Manchester United are a massively popular team all over the world and on their pre-season tour of South Africa they have been enjoying the carnival atmosphere and warm reception they have received. The United players were overwhelmed by the welcome from tens of thousands of fanatical South African United fans in Cape Town on their arrival in the 2010 FIFA World Cup™ host country for their three-game pre-season tour this week. The Red Devils have hundreds of thousands of fanatical South African fans, especially in Cape Town, the hometown of Quinton Fortune, who spent seven years with Manchester United between 1999 and 2006.
United have been regular visitors to South Africa and last toured the country two years ago. After enjoying that tour immensely, manager Sir Alex Ferguson promised that his team would return.
The Scot was true to his word and has brought a formidable squad to the southern hemisphere containing the likes of Wayne Rooney, Carlos Tevez, Ryan Giggs, Paul Scholes, Gary Neville and Rio Ferdinand for their games against South Africa's biggest teams Kaizer Chiefs and Orlando Pirates. "," said Ferguson. "We're also glad that playing Manchester United can be seen as a platform for these sides."
With the Scot's legendary competitive streak, he will no doubt be looking to avenge the Vodacom Challenge final defeat his team suffered at the hands of Kaizer Chiefs in 2006. With his team surprised by the South African skill and physical approach of their South African opponents, Ferguson said: "We expect difficult games, but it is important that we work on pre-season fitness, sharpness and tempo."
Fletcher hails fans
Midfielder Darren Fletcher was on the tour in 2006 and he is happy to be back. "Of course, what makes it special is the atmosphere and the fans, the way they love Manchester United," he said. "The reception we got was fantastic and the players really appreciate that. To know that we bring so much is great and we want to try and give something back to the fans here. The United fans, along with the local teams' fans, create a great atmosphere. It is very different to playing back home. It's a carnival atmosphere."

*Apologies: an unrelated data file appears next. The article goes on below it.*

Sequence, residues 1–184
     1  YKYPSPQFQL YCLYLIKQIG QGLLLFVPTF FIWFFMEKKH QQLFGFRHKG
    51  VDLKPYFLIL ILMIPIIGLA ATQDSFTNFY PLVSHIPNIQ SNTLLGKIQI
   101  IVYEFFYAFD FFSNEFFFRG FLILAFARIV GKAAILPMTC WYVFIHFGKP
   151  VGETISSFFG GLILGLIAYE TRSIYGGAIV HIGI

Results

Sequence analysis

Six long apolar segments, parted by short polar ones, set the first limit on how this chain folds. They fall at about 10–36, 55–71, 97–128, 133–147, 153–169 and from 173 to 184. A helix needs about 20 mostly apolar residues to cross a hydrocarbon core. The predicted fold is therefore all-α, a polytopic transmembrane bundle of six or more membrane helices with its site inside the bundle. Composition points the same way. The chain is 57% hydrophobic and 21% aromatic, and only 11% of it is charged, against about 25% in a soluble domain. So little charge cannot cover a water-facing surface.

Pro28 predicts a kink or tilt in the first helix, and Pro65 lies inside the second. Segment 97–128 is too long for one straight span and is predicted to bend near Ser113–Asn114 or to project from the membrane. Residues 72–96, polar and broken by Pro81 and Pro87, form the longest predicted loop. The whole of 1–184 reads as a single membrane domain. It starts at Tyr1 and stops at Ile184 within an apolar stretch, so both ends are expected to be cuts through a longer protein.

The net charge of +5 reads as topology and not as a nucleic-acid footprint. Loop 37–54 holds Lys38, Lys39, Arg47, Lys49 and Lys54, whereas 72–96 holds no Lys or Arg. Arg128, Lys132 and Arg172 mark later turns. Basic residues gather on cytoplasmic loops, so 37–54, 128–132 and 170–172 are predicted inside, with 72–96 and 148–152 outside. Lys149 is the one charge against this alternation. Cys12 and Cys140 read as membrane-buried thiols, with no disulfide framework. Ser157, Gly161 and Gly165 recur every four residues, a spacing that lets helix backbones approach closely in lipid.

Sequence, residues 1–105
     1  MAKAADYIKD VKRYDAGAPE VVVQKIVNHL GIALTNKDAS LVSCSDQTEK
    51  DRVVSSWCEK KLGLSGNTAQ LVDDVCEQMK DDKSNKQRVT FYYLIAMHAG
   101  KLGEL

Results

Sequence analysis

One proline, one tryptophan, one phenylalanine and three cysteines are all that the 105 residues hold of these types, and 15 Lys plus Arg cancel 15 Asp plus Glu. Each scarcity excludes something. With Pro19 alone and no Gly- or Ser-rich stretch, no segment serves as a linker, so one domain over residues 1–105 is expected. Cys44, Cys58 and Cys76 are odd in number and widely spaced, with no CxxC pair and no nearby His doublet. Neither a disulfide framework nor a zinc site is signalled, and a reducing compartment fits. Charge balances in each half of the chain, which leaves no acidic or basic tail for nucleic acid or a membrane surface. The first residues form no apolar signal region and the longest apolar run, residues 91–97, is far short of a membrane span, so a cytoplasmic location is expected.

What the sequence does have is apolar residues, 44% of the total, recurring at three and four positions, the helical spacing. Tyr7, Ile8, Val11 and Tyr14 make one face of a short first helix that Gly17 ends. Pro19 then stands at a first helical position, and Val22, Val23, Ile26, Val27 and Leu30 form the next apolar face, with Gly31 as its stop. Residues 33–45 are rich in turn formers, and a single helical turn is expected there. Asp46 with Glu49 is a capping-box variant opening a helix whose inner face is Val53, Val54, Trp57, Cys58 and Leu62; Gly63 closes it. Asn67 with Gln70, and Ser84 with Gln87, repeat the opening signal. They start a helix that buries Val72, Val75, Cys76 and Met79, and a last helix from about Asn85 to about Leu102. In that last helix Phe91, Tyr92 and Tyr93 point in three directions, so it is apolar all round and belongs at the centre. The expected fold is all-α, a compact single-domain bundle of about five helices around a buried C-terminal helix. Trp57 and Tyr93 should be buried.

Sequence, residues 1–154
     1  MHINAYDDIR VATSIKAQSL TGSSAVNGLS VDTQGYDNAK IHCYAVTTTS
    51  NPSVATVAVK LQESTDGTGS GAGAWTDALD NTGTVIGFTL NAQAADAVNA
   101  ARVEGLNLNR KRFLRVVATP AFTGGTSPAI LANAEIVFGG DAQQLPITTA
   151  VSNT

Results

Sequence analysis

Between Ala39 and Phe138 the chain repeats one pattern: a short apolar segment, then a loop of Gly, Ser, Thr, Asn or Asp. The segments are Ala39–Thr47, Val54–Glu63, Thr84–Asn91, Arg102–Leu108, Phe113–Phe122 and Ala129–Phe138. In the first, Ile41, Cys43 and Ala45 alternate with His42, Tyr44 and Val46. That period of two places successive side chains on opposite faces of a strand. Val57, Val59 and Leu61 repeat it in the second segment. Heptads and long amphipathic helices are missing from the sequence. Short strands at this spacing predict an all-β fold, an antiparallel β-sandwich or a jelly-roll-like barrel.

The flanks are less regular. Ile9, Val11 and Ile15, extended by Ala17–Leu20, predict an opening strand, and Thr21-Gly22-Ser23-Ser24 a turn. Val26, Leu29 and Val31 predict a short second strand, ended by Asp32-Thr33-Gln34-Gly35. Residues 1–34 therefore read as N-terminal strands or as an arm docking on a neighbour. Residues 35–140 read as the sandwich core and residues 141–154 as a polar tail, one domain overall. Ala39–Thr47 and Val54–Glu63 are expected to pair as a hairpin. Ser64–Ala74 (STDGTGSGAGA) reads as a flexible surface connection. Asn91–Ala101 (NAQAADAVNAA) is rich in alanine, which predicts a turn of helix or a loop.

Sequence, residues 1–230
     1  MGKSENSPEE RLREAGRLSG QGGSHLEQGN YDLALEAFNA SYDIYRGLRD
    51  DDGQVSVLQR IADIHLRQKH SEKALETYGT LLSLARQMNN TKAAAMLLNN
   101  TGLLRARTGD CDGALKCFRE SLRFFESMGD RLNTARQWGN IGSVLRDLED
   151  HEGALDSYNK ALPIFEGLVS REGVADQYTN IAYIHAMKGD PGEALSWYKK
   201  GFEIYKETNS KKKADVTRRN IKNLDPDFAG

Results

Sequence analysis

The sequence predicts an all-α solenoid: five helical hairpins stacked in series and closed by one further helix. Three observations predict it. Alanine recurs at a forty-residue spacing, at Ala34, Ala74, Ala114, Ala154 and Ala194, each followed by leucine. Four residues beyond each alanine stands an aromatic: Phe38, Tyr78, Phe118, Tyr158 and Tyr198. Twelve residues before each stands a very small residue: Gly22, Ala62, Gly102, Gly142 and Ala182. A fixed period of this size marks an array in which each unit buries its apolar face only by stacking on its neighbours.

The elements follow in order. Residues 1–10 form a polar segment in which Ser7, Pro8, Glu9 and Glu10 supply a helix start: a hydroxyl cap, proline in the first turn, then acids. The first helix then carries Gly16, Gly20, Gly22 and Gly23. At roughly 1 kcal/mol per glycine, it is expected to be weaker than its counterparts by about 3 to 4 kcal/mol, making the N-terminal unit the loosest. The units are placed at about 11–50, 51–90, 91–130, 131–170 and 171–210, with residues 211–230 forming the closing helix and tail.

Writing on his personal blog, United defender Nemanja Vidic said the players were exhausted after a long flight to South Africa following their friendly match against Aberdeen last week, but were buoyed by seeing the throngs of United fans on hand to welcome them on their arrival. "It's been a very tiring couple of days, but the welcome we received at Cape Town Airport was fantastic," wrote Vidic. "The players were tired after a long flight, but seeing everyone there to greet us was unbelievable. It is my first time in South Africa and I am very glad to be here. I had heard a lot about the country from some of the lads, but to see it with my own eyes was really special."
That warm welcome did not extend to United's players in their first game at Newlands Stadium on Saturday, with Ferguson's men having to come from behind to snatch a 1-1 draw in a hard-fought encounter in front of over 40,000 fans, who mostly supported United. While United were short of match practice and consequently below their best, they gave their fans a sense of their undoubted pedigree by parading their UEFA Champions League and English Premiership trophies prior to the match. "It was very competitive, particularly in the second half - they are a very good side and there were a few tasty tackles. But that's the kind of game we need," said Ferguson at the end of the 90 minutes.
United meet Orlando Pirates in another FIFA World Cup host city, Durban on Tuesday and then head for the final match of their tour at Loftus Versfeld in the country's capital Tshwane/Pretoria on Saturday.